At least 271 million pounds of pharmaceuticals have been released—legally—into waterways that often are sources of drinking water over the past 20 years. That’s according to an Associated Press investigation the news group published in mid-April.
That number is likely much higher, said the report, given that no one really tracks pharmaceutical releases. However, the Environmental Protection Agency and the Food and Drug Administration monitor them in a slight capacity as, respectively, industrial chemicals and active pharmaceutical ingredients. Their data became the basis for the AP report, which calls the figure a “massive undercount.”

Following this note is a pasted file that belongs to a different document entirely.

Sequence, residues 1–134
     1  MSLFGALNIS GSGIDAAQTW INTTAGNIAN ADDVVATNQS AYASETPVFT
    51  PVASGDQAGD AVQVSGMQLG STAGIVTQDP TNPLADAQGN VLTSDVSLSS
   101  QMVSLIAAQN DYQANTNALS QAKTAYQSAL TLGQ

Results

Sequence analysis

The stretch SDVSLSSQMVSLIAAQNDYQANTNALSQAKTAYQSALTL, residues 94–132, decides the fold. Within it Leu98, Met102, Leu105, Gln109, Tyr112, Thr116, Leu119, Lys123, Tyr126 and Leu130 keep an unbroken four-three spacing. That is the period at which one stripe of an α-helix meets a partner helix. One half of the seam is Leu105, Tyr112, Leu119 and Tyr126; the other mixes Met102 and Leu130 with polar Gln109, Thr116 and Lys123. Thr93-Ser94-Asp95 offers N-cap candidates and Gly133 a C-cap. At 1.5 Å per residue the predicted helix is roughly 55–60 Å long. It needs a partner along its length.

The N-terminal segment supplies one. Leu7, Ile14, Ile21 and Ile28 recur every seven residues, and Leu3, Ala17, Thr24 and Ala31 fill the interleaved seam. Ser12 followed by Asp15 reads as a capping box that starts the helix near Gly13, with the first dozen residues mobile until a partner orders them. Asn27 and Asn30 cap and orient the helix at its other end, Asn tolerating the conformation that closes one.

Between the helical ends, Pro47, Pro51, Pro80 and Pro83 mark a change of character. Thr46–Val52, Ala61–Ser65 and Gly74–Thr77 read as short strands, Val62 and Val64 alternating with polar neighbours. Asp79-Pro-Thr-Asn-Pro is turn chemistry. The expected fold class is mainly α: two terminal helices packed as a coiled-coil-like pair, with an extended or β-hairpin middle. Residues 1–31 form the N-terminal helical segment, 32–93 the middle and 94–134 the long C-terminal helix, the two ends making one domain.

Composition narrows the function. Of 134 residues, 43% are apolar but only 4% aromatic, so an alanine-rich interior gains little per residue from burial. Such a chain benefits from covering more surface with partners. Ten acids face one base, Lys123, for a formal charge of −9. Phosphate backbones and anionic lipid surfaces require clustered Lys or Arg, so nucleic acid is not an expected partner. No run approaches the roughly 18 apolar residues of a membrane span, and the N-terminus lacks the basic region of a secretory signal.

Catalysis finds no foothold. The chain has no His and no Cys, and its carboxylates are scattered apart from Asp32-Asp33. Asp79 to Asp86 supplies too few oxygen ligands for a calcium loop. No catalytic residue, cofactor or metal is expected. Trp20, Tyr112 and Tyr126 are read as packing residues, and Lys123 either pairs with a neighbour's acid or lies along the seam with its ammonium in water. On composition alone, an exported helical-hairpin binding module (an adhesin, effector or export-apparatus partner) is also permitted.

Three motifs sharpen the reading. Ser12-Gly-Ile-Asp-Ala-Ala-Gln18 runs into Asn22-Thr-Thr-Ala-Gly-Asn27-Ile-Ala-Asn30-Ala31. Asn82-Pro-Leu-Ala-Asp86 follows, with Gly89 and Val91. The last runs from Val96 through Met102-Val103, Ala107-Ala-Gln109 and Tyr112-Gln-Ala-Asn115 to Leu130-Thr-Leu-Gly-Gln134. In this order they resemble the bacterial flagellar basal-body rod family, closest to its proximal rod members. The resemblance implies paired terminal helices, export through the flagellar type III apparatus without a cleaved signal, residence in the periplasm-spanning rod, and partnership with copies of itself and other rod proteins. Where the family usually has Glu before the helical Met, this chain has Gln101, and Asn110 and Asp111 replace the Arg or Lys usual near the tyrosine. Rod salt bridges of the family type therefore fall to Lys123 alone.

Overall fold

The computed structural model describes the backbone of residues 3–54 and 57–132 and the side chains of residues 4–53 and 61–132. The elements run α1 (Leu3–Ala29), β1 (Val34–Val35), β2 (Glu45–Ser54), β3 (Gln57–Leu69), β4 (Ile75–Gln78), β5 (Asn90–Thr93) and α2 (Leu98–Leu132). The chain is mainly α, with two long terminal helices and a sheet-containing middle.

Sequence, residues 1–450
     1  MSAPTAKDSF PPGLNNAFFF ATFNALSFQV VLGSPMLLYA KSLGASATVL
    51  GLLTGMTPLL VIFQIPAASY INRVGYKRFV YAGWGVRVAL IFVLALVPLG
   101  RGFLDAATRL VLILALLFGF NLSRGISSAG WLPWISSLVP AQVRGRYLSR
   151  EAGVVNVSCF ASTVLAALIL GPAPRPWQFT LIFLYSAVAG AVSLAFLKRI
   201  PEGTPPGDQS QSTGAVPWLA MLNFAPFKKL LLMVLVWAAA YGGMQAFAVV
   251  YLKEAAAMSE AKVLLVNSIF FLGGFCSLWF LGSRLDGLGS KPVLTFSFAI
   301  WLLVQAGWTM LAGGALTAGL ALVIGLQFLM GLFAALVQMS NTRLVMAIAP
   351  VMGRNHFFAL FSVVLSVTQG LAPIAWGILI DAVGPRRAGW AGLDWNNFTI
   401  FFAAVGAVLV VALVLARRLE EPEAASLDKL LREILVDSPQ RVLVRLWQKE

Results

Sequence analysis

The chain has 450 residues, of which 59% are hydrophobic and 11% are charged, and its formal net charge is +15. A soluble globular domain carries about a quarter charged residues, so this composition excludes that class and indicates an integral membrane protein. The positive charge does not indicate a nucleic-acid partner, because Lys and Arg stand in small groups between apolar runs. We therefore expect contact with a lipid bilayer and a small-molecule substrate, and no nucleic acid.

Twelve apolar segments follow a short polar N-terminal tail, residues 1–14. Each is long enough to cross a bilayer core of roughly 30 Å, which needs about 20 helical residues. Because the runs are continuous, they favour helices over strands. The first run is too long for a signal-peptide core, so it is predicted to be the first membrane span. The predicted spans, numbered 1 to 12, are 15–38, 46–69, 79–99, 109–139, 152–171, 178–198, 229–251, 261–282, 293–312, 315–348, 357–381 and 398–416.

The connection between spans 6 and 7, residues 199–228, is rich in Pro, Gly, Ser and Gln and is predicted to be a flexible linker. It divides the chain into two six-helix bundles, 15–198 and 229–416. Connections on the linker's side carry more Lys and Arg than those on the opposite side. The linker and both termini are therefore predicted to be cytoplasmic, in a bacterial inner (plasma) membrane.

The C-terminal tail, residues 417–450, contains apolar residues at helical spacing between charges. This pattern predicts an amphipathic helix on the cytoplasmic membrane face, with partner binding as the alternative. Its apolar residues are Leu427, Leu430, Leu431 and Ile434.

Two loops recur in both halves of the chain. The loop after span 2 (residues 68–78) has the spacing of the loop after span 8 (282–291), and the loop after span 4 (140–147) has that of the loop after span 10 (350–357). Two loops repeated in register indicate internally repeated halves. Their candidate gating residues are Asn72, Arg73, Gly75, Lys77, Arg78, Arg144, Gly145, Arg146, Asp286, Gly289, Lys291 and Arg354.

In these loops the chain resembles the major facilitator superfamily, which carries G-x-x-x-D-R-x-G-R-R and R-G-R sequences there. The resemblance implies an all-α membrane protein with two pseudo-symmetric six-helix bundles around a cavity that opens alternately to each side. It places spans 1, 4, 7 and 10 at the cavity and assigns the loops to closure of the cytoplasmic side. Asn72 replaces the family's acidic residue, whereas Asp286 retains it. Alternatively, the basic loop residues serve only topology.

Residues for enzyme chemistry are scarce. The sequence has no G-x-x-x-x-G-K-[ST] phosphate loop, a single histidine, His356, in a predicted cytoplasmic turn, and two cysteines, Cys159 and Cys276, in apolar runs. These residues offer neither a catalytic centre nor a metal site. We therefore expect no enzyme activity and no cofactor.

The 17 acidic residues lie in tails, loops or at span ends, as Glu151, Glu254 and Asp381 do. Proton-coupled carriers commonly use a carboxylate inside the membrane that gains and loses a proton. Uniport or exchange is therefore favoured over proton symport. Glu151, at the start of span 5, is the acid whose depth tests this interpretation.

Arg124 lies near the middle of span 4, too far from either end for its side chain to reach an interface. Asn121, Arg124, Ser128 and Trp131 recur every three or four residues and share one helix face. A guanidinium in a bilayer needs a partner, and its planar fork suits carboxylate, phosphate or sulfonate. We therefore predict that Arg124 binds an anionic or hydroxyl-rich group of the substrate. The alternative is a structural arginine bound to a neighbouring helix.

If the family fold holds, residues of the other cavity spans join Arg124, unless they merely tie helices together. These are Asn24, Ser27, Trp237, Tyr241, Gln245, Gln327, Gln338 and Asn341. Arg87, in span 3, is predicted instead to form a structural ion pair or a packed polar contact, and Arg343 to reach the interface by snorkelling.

The biggest contributors to the contamination? Us. Consumers take the drugs, then excrete whatever isn’t absorbed.
The report noted that even heavily diluted concentrations of pharmaceuticals have been proven by researchers to be harmful to fish, frogs and other aquatic species.
“Utilities say the water is safe,” the AP article stated. “Scientists, doctors and the EPA say there are no confirmed human risks associated with consuming minute concentrations of drugs. But those experts also agree that dangers cannot be ruled out, especially given the emerging research.”